IPhone Users Are Less Honest Than Android Users. According To Studies
Our choice of smartphone says a lot about our personality.
Smartphones started to become popular in 2007, with the advent of the first iPhone.
Since then, smartphone sales have increased exponentially. Between 2011-2013, there was an increase of over 50 percent in smartphone sales worldwide.
In the United States, 64 percent of adults are reported to now own a smartphone. Compared with 2011, this number has almost doubled.
Although Android and iPhone devices are functionally very similarly, their marketing campaigns are very different.
New psychological research aims to uncover some of the personality differences between iPhone and Android users.
Key personality differences among smartphone users
The study was a collaborative effort between the University of Lincoln, Lancaster University, and the University of Hertfordshire, all in the United Kingdom.
The study asked 500 participants to answer a set of questions about themselves and their attitude toward their smartphone.
The comparison showed that iPhone users are more than twice as likely to be female.
Additionally, iPhone users are more concerned about viewing their iPhone as a status object than their Android counterparts, and increasingly so. However, they are less concerned with owning devices that are preferred by most people.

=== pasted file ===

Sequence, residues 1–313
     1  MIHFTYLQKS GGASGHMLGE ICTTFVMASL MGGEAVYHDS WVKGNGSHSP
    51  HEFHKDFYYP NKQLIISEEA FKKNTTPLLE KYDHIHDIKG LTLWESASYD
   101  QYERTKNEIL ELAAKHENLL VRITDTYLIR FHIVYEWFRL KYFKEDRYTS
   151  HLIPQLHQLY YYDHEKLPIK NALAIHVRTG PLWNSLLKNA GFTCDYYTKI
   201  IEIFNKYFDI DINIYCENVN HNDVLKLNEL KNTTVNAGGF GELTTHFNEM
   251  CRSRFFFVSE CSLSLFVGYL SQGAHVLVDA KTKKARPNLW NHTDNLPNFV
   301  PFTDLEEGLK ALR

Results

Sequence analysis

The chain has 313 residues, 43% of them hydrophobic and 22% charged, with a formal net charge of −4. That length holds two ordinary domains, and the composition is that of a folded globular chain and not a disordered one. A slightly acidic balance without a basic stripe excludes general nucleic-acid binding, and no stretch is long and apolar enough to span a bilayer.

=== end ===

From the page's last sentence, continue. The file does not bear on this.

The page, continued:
The study noted key differences in personality, with iPhone users showing lower levels of honesty and humility, and higher levels of emotionality.
iPhone users were also more extroverted than Android users.
In contrast, Android users were more likely to be male, older, and less interested in wealth and social status. Among key personality differences to iPhone users, those with Android devices displayed more honesty and agree-ability.
They were also less likely to break rules for personal gain.
The findings have been published in the journal Cyberpsychology, Behaviour, and Social Networking.
Computer program predicts smartphone choice
Based on the findings, researchers were able to design and test a computer program aimed at predicting the type of smartphone users owned.
When tested, the computer model predicted smartphone ownership at above chance levels.
“In this study, we demonstrate for the first time that an individual’s choice of smartphone operating system can provide useful clues when it comes to predicting their personality and other individual characteristics.”
Co-lead author Dr. David Ellis, Lancaster University
Heather Shaw, co-lead author of the study, adds: “It is becoming more and more apparent that smartphones are becoming a mini digital version of the user, and many of us don’t like it when other people attempt to use our phones because it can reveal so much about us.”
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